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As earlier discussed, the internet is rife with semi-helpful medical (mis)information, portrayed in an alarmist fashion with the possible purpose of selling a product, or just plain, old fashioned fear mongering. This makes it hard to determine what is true and what isn’t, and sometimes you need to do quite a lot of digging about to find sources that can scientifically confirm or dismiss the info you have been given. There are certain issues, like the issue of implant rejection, which do not, however, seem easy to clarify.

In a previous article, it appeared clear that the reason for such mystery around dental implant rejection, aside from the nomenclature issue, is that we do not understand the precise medical reasons for why the body accepts titanium, the question at the heart of why certain implants fail when at first they seemed to be perfectly well adjusted.

One condition that can be seen as dental implant rejection is known as peri-implantitis. This is an inflammation that affects the soft and hard tissues, both the bone and alveolar tissue that surround the dental implant, thus causing the dental implant to become unstable. This is frequently paired with issues like bone density loss around the actual implant, and the reduction of mucosa around the tissues. This condition is nothing new, since dental implants work the same way (almost) as natural teeth, the tissue surrounding the implant can be infected in just the same way if oral hygiene is neglected. This article, from the prestigious IBMC, explains how and how often in detail. The name is key in this, as perio means surrounding and implant means (duh) implant, and the -itis suffix being disease or malfunction of something. This means that peri-implantitis is the the disease of the tissues surrounding the implant, and it can have a variety of causes, often simply poor dental hygiene. Bacteria and detritus get between the implant and the gums and are not expelled by the body, causing an infection around the dental implant. We do know that smoking and drinking alcohol are factors in the development of this disease, and people engaging in said activities can be said to be high risk. In cases of peri-implantitis, the dental implant needs to be removed as soon as possible, so that the periodontal disease can be cured. Afterwards, implantation is usually not repeated, as there is no guarantee that the same issue will not recur.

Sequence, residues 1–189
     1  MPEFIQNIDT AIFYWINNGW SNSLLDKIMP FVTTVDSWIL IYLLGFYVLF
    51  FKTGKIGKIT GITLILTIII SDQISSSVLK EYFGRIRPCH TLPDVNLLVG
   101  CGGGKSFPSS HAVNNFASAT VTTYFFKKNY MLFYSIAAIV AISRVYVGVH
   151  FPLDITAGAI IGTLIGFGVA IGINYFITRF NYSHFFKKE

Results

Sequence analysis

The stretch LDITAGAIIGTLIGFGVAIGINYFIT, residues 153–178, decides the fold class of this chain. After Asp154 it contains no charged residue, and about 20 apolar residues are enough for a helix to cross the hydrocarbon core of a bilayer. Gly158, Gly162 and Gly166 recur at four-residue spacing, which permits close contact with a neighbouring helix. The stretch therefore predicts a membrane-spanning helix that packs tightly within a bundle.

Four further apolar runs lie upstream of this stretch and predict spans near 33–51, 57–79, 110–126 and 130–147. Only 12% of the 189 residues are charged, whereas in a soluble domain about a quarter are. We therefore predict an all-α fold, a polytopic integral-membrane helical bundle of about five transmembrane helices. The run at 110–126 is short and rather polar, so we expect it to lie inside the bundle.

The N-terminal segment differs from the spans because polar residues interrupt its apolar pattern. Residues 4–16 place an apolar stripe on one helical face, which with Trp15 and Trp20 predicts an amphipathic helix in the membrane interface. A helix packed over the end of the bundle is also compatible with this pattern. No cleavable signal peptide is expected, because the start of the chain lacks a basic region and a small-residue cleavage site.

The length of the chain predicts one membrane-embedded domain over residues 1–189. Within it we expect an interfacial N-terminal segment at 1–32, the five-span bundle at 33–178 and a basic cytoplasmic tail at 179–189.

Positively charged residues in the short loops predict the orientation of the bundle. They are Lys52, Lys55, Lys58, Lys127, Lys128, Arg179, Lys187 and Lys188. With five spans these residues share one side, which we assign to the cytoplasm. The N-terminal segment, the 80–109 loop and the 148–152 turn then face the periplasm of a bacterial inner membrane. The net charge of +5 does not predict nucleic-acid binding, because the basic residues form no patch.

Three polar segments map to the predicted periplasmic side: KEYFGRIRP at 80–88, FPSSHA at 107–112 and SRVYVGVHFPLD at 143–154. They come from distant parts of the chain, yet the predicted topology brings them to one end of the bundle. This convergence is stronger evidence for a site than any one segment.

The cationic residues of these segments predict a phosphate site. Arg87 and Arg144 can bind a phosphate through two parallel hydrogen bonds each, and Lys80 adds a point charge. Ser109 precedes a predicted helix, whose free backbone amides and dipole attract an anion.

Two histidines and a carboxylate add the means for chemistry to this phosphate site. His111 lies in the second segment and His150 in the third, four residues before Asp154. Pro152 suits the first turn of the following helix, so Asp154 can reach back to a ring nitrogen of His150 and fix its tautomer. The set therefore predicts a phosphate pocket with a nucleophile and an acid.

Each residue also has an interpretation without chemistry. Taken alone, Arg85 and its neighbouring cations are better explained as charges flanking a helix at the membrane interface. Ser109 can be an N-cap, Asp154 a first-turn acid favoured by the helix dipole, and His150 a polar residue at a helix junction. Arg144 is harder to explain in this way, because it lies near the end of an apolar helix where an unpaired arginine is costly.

Although lifestyle choices are a factor, science has not yet clarified how much of one. As of now, peri-implantitis is considered a form of dental implant rejection. After all, the implant fails. But though nomenclature would regard this as dental implant rejection, it seems too soon to say for sure, as lung failure caused by smoking would certainly not be considered transplant rejection. In this complicated issue, at least this much is clear.


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